Information provided about the virus has been both inconsistent and inaccurate
Federal and state agencies have failed to coordinate their efforts
The magnitude of this dangerous public health failure is mind boggling.
See 5 Ways the U.S. Botched the Response to COVID-19, from the Bloomberg School of Public Health at Johns Hopkins, for the gory details of these immense failures.
The article concludes with the question: So how can future public health crises be prevented? – and suggests these answers:
Sandra C. Quinn, chair of the Department of Family Health at the University of Maryland’s School of Public Health, stresses the importance of maintaining consistent funding for public health preparedness planning. She points out the sad fact that, “When the problem goes away, the funding goes away”.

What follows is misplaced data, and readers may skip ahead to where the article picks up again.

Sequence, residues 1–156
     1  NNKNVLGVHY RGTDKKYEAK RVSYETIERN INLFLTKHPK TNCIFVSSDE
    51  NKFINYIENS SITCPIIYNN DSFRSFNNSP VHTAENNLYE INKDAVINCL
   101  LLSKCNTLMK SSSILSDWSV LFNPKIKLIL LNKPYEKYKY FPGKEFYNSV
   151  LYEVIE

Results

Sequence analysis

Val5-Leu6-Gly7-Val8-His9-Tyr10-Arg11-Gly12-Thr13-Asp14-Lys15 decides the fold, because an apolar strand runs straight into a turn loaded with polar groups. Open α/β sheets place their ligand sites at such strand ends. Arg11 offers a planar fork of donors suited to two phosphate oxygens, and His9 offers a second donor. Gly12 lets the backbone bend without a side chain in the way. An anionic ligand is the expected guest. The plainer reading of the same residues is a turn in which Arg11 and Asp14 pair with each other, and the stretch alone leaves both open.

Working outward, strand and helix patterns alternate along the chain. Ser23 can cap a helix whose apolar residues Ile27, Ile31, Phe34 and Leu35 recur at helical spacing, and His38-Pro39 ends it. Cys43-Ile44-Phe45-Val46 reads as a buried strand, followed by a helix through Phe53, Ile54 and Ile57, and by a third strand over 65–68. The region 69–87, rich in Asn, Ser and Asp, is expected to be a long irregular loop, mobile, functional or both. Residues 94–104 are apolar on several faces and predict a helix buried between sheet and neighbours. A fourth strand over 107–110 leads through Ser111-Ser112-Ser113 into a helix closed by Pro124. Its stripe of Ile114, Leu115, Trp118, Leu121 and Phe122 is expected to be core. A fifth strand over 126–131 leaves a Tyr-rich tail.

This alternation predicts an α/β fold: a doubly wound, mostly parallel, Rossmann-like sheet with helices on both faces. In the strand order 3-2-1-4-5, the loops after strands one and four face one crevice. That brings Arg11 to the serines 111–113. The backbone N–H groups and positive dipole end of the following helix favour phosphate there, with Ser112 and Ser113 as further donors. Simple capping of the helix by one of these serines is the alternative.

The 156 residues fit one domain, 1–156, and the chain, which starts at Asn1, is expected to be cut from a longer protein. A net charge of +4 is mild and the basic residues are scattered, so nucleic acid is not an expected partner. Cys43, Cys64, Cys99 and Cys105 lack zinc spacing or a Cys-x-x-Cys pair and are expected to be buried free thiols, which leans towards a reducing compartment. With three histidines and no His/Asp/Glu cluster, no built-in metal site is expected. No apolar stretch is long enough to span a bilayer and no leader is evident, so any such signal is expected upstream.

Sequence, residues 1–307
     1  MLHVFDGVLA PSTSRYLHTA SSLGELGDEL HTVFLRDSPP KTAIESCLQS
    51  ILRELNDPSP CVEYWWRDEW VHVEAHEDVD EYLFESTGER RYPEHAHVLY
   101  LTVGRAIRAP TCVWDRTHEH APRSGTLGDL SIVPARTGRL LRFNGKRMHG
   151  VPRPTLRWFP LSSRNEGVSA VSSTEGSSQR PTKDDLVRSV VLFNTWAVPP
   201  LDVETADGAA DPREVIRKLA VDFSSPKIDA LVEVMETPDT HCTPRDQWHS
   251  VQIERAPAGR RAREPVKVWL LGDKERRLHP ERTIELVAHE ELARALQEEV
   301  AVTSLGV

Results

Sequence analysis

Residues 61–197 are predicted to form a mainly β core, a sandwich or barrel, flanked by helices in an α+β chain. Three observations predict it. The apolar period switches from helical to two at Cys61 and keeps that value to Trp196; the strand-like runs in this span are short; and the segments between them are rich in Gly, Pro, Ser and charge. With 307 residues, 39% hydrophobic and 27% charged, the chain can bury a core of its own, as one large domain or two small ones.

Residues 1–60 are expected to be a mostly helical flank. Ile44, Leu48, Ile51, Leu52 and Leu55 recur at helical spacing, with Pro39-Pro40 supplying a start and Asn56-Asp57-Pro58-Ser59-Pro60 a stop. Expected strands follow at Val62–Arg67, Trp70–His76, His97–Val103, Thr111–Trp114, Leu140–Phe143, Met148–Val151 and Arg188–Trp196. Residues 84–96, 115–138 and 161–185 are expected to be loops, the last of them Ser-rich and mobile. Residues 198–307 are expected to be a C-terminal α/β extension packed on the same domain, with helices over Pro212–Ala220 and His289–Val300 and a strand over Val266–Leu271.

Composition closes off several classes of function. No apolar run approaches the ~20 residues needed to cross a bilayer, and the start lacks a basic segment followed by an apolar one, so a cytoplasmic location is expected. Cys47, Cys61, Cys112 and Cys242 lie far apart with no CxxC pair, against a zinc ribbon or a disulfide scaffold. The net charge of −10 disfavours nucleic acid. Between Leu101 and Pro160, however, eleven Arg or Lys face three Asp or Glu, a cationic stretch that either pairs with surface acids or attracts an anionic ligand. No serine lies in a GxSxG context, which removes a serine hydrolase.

Thomas A. Burke, PhD, MPH, professor and associate chair of Health Policy and Management at Johns Hopkins’ Bloomberg School of Public Health, points out that, for decades, public health leaders have sounded the alarm that the Strategic National Stockpile had an inadequate number of masks, personal protective gear and ventilators to face a pandemic. Recent reports indicate that this stockpile is nearly depleted. “I hope this is a big wake up call,” says Burke. “We’re all in this together, and we need to reinvest in our health care system and our public health system.”
And this should also now be abundantly clear: “U.S. public health policy must be guided by science, including recommendations offered in the Global Health Security Index.”
– Scharper, J. (4/3/2020)